EconoMonitor

The Kapali Carsi

Mayday on May Day in Turkey (and the U.S.)

As an avid fan of Beşiktaş sports club, I am used to regularly getting teargassed by the police. Therefore, I did not make a big deal of it when my friend told me he and his wife had been introduced to pepper spray on May Day. After all, as our interior minister noted some time ago, it is organic and therefore perfectly healthy.

Here is the intro. my latest Hurriyet Daily News (HDN) column. In fact, I did not make my friend’s ordeal a big deal because Turkish workers have much bigger problems than getting peppersprayed once a year. You can read the column at the HDN website to see what they are.

I got the inspiration for the column from a Business Insider piece showing that corporate profits are record-high, while wages as share of GDP are at an all-time low in the U.S.- and hence the title for this post. There was actually some sharp response to a recent Thomas Friedman NYT article that was basically arguing that today’s world is “tailored” for anyone who is self-motivated and that a 401(k) plan puts your destiny in your own hands. Felix Salmon, for one, does not mince his words, and he has a couple of links to good articles by Yves Smith and Matt Yglesias on 401(k). Speaking on Yglesias, he has a good post about the Brad DeLong Karl Marx speech that I hyperlinked to in the column.

Shifting gears, I mentioned in the column that there are sharp swings in Turkish wage share numbers, hinting at data problems, but there is a logical explanation as well: Note that wage share bottoms out during the 1994-1995 crisis and then starts rising. However, interestingly enough, the fall after the Turkish recovery program (remember that there was a sharp fiscal contraction in 2003-2005) continues- but then data ends:( This is just begging for further research: Why did the wage share continue falling? What happened to wage share after 2006? Etc etc…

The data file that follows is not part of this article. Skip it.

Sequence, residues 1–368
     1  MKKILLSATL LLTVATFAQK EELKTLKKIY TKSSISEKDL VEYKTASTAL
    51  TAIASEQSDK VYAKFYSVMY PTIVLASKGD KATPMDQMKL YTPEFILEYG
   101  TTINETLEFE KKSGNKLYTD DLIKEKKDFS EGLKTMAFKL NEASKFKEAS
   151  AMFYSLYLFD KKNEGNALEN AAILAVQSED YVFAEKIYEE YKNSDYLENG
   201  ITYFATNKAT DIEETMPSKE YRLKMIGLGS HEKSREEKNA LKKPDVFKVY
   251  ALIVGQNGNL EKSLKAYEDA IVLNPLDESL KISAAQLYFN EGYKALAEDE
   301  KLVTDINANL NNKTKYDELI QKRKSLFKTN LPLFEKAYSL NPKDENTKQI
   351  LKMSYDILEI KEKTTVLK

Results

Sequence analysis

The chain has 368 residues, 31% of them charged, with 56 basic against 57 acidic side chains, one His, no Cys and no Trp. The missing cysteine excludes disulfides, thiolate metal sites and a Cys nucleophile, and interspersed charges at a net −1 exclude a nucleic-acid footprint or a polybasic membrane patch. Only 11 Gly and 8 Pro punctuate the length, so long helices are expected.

Shifting gears, Taylan Bilgic, ex econ & news editor of HDN (now at Bloomberg), makes more or less the same point as me that work accidents happen more in booming sectors. He uses the construction sector as example, but he also refers to the Tuzla shipyard deaths as well. But I wish someone would provide more analytical proof on my (and his) argument.

On my point about the skills match: I saw a lot of that in the World Bank study on higher education I led at TEPAV: We had very colorful stories, some of which we carried over the report, on how companies were not able to find students with the skills they requested.

As in last week’s post, I got pretty good reader feedback as well, some of which I’d like to carry over here. A reader was not very happy that I said there is no data on corporate profits in Turkey; she even sent me a Bloomberg terminal page with corporate profits:

Can’t argue with that, right? Well, the problem is that these are public companies, and since the Turkish stock market cap is less than half of GDP, it is not a good reflection of the Turkish corporate sector. The reader argued it may give an idea, but there are several issues I am not sure how to handle- all related to how representative a sample of the Turkish corporate sector is Borsa Istannbul (BIST). The Central Bank has a survey, and the firms there are supposed to represent the corporate sector well, so maybe we could use that, or even a combination of BIST and that. But it is definitely not 5 minutes of work.